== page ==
San José padre en la sombra

Posted On 2021-02-01 In Year of St. Joseph

St. Joseph, father in the shadows

SAINT JOSEPH MEN | Miguel Ángel Rubio, Spain

The Joseph Challenge 2021 from, only for men: Men from different vocations in the Covenant of Love, from different countries and generations, are being challenge by Pope Francis’ letter, Patris Corde, about Joseph, “this extraordinary figure, so close to our human condition,” and they share what most impacts and motivates them about the figure of St. Joseph and the Holy Father’s letter about him.  Miguel Ángel Rubio, from Spain, feels a strong bond with St. Joseph, father in the shadows. –

A father who realizes that he is most a father and educator at the point when he becomes “useless”, when he sees that his child has become independent and can walk the paths of life unaccompanied. When he becomes like Joseph, who always knew that his child was not his own but had merely been entrusted to his care. In the end, this is what Jesus would have us understand when he says: “Call no man your father on earth, for you have one Father, who is in heaven” (Mt 23:9).

I always considered that St. Joseph became a saint as a consequence of circumstances; that is to say, I thought that the Church made him a saint because the Mother of God could not be married to someone of lesser rank and dignity. Talking about the Holy Family, there could not be someone who was not a saint. Because the true father of Jesus is God, since Mary “conceived by the work and grace of the Holy Spirit”. What about St. Joseph? Was he there to make everything “politically correct”? What was his role? God gave us His Son on Earth, but God the Father did not descend with Him, the paternal component was entrusted to St. Joseph, who incarnated Him and accepted Him freely. He is hardly mentioned in the Scriptures: in silence, in the shadows, without any prominence… but he is there; nor has he been ignored or disregarded.

Nihil obstat

Despite the certainty that God is with you, not everything is without difficulties. The first difficulty I had to overcome in order to get married was to obtain the corresponding consent. In normal situations the proposal is a mere formality of the groom before the bride’s parents in a social event.  But in my case it was totally different, first of all, because the proposal was not made before my in-laws (who ultimately had no veto right whatsoever) but before Paz’s daughters. And this was because I was trying to become part of an already consolidated family and I could compromise an already existing balance. Although we both loved each other and we were determined to get married, I asked Paz to ask her daughters how they felt about our marriage project. If they did not give the “nihil obstat” I would not go ahead and our relationship would be terminated. Happily there was “white smoke” and the girls defined me to their mother as “a normal, working man”. The latter both surprised and reassured us.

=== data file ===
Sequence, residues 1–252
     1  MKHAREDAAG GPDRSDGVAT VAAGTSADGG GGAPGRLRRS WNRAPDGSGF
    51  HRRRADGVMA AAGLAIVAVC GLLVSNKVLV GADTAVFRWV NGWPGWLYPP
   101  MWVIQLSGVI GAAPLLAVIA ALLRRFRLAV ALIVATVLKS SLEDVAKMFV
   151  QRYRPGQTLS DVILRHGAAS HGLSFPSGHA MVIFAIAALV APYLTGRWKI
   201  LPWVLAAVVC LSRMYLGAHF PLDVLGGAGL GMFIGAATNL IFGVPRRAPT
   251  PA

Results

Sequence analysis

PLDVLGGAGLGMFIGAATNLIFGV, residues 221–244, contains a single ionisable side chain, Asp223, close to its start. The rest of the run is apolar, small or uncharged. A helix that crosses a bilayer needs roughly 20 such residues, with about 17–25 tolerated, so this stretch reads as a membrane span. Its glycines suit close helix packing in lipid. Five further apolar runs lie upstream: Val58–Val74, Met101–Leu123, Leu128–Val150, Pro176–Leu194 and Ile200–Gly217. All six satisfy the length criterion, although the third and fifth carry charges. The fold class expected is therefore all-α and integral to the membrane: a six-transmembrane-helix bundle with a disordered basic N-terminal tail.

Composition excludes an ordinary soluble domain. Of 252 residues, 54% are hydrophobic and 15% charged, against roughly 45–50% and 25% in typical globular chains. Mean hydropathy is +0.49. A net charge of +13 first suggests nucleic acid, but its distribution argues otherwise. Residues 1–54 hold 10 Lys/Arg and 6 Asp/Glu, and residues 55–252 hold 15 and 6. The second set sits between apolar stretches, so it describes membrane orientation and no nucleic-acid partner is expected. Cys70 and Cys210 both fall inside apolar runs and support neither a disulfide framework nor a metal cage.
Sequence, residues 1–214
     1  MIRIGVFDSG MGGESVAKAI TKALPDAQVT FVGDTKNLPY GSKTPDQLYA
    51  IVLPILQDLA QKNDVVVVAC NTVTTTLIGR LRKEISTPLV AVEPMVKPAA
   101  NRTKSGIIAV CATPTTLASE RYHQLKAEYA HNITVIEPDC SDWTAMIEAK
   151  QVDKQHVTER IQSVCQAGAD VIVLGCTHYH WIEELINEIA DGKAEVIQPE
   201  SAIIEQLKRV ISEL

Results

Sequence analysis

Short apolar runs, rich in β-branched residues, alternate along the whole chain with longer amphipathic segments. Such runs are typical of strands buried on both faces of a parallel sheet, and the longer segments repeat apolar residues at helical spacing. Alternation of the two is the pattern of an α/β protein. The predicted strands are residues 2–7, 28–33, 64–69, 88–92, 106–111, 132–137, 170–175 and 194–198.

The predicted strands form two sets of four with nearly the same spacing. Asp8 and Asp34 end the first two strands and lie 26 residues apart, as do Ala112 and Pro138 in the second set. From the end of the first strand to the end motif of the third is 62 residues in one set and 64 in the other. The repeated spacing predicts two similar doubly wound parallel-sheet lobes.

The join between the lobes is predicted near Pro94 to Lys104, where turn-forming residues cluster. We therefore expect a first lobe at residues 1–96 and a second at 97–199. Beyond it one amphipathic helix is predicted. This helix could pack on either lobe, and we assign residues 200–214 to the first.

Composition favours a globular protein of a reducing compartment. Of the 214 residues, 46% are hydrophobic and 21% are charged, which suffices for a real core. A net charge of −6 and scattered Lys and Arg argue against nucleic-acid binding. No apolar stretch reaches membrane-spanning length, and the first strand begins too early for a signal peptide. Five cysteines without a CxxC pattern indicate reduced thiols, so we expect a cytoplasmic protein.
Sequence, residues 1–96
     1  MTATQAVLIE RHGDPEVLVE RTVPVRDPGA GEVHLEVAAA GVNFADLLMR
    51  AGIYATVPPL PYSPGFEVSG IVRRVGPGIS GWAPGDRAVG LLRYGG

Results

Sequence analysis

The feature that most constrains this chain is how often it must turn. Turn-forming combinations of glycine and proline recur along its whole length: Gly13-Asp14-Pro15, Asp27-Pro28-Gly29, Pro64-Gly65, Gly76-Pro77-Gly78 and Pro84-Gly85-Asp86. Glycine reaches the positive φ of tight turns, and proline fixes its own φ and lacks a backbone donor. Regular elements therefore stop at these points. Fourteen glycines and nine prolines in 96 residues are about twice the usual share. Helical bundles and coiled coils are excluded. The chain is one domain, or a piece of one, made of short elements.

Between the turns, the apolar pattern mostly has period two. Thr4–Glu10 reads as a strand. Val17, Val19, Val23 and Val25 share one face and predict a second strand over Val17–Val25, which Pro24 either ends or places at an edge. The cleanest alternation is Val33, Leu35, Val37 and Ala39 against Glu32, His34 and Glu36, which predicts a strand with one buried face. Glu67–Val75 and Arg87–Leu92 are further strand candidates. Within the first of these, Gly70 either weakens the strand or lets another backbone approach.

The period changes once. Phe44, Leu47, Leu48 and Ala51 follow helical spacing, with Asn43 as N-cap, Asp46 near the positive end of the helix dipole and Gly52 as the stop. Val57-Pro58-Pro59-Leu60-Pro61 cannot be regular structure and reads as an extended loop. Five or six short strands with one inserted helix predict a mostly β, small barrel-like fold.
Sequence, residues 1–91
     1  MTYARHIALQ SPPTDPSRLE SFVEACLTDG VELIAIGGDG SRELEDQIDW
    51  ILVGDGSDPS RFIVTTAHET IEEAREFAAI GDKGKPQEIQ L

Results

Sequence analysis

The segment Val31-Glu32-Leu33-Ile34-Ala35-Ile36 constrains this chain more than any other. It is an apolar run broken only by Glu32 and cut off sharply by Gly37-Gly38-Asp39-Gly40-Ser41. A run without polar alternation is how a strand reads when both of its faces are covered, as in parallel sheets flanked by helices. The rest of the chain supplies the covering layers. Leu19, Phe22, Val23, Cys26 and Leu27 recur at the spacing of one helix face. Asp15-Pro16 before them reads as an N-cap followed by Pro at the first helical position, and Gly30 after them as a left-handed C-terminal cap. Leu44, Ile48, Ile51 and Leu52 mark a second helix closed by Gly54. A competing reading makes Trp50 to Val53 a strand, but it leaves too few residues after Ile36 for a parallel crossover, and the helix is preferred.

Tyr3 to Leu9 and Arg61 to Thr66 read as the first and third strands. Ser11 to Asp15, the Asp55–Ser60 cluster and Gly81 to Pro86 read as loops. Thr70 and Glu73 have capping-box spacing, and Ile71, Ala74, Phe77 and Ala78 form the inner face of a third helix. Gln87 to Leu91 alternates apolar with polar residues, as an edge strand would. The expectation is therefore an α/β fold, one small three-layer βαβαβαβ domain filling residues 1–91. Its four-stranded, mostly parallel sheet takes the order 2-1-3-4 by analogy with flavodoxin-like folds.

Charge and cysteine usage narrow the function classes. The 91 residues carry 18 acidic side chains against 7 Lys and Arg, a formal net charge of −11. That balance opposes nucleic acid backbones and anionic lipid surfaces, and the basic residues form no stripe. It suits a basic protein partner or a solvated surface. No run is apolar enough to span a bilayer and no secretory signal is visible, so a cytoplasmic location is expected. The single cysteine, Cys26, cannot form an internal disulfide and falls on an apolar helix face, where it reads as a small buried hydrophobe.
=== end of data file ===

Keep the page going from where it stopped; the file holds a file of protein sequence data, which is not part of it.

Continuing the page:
Saint Joseph, the father who never was

The first year we were married we were living separately: Paz in Madrid and I in Barcelona. At last I got the transfer to Madrid and -finally- we could live together. Then the “real” family life begins, all in the same boat: Paz and I, now with the girls. It was quite a challenge. It was essential for me to be aware of the place I occupy in the “playing field”. I am Paz’s husband, but not the father of her daughters. To claim the latter would have been to usurp someone else’s personality and exercise a right that did not correspond to me. Nor was it about being anyone’s substitute. My role was to be unwaveringly at my wife’s side, so that the girls would perceive that the two of us were a unique and indissoluble team.  Paz faced all of the girls’ adolescence on the “front line”. My job was to observe and support my wife in her opinions, advice and decisions for them. I have to admit that it was not easy and I did not always succeed.

During all this time I have to say that it was St. Joseph who served as a guide for me and I went to him on countless occasions. His attitude in life was for me an invaluable help and I have to recognize that he was my guide to face this stage of my life.

“I will bless you abundantly and make your descendants as countless as the stars of the sky and the sands of the seashore.”

Girls got marry and from their marriages soon came the fruits. I became a grandfather at the age of 46 and so every even numbered year until I had 7 grandchildren. The girls gave me the title of grandfather from the very first moment and they let their children know it. I was not only their mother’s husband but also their grandfather. And they assumed it quite naturally, feeling very proud of it; they boast to the whole world that they have 5 grandparents (4 biological and one “de facto”). This is the paradox (or miracle) of being a grandfather without having been a father.

In this way I found grace before God, who has given me, like Abraham, descendants as numerous as the stars in the sky and the sands of the seashore. Or at least that’s how I see it.


This testimony is in no way intended to be an example for anyone to follow. My life has been completely anarchic, doing everything at the wrong time, taking risks of incalculable consequences, and all of this forming a cocktail to achieve the most resounding failure. But I do want to express the magnanimous and merciful love that God has had with me, glorifying Himself in circumstances like the ones I have lived through and I have been rewarded a hundredfold.


Original: Spanish 2021-01-21. Translated by María Aragón, Monterrey, México

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